The birth of the first human being

Cain holds a number of record firsts. We mostly remember him for being the first murderer. But he was also the very first human being to be born. Remember that Adam and Eve were created as adult humans. Cain was born as a result of their obedience to God to begin populating the earth.

Now the man was intimate with his wife Eve, and she became pregnant and gave birth to Cain. Then she said, “I have created a man just as the Lord did!” Genesis 4.1.

Maybe they listened more to their sex drives than to their God for Cain to have been born. Nevertheless, he was born. Some religions teach that sex is inherently evil. They claim the first sin was the act of sexual intercourse. The Bible never even hints at such nonsense. In the birth of Cain, no censure is attached to their sexual intimacy.

Eve shows a bad attitude, if we follow the rendering of some versions like the NET. She apparently is still trying to be divine, or at least compete with God. Her attitude was not Cain’s fault, but it’s likely that the sour note of her attitude and the bad relationship which probably ensued post-Fall between the first couple influenced their son. Maybe they worked things out over the ensuing centuries, but the home atmosphere probably wasn’t a positive one when Cain came along.

Before long, Abel was born, Genesis 5.2. In the fallen family, Cain learns the blame game and the spirit of competition. At the least, the sighs and longings for Eden must have made quite the impression on the young lad as he grew.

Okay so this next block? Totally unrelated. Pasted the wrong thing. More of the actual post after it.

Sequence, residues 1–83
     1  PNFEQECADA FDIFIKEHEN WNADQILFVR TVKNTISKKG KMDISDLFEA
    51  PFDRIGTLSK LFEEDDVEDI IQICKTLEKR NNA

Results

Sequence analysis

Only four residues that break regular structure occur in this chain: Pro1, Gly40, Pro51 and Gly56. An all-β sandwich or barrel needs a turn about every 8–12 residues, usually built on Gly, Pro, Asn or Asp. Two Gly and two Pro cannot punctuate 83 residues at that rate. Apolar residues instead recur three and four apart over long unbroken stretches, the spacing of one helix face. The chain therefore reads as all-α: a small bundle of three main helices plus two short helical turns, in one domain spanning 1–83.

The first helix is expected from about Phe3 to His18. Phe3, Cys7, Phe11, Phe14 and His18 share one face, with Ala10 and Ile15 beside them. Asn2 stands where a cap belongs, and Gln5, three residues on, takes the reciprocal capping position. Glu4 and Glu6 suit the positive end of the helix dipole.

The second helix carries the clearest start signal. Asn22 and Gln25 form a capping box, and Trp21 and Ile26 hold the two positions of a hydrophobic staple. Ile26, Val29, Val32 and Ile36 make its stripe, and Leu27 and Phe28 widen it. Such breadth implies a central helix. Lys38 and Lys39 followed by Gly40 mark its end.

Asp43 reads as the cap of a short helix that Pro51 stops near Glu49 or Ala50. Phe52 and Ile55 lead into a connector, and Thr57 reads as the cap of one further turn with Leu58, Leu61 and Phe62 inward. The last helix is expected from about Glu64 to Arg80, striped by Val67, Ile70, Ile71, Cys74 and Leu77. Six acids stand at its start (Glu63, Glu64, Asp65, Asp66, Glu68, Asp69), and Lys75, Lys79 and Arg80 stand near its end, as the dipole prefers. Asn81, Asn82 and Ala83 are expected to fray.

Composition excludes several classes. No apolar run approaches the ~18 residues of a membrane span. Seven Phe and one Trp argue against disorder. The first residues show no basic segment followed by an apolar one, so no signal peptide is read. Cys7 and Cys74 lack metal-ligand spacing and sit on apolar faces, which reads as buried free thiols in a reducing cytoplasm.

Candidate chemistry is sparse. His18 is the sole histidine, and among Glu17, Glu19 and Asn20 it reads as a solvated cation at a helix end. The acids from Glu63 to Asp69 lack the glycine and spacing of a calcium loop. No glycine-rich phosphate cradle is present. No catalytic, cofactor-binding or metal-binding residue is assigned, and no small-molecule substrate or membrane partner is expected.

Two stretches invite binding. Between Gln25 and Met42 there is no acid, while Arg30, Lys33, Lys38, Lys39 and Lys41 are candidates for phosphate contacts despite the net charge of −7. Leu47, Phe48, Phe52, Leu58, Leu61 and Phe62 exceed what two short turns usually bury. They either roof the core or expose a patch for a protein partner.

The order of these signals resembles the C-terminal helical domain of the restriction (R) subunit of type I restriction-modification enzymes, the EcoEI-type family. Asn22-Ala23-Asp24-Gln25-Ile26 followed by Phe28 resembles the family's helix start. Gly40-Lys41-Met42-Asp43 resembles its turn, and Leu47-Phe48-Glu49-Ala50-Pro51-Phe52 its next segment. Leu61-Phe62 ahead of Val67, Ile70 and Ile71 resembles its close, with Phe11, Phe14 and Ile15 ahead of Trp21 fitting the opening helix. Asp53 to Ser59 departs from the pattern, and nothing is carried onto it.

Cain’s sad story reminds us that birth leads to death — all sorts of death, including by violence. It reminds us that birth doesn’t mean you know how to live. A lot of learning is involved, and most people don’t put forth the effort to figure out the Eden we lost and the heaven we can still gain.

Centuries later another birth ocurred, another first, this one unique in all history. God came in human form. Here began a different genealogical line, not counted from physical descent — since Jesus of Nazareth never married, never fathered children — but from spiritual descent. While Cain’s birth resulted in death, Jesus’ birth and death brought life. More and better and greater life. Eternal life. The Lord said, “I have come so that they may have life, and may have it abundantly” John 10.10b.

Some have speculated that if Adam and Eve had never sinned they would still at some point have died physically. Or maybe God planned to just sweep people up to heaven after their time in Eden, like he did later with Enoch and Elijah. It’s all speculation now that man broke the first prohibition.

What we can affirm is what the Savior said to Martha,

I am the resurrection and the life. The one who believes in me will live even if he dies, and the one who lives and believes in me will never die. Do you believe this?” John 11.25-26.

Whatever God’s plan for man in Eden, back then, we now have it all mapped out for us starting on Earth and ending in Eternity. Life beyond death.

But first, we must submit, willingly and fully, to another birth. A spiritual birth. A birth in water and Spirit. That new birth brings a death in order to bring new life.

Therefore we have been buried with him through immersion into death, in order that just as Christ was raised from the dead through the glory of the Father, so we too may live a new life. Romans 6.4.

I had no choice in my natural birth, but I was glad it happened. I chose the new birth, and I’m even more glad of it. Something the very first human to be born could never dream of. But you and I can.


The editor just released his new book, O SOUL! THE BOOK OF EXHORTATIONS.

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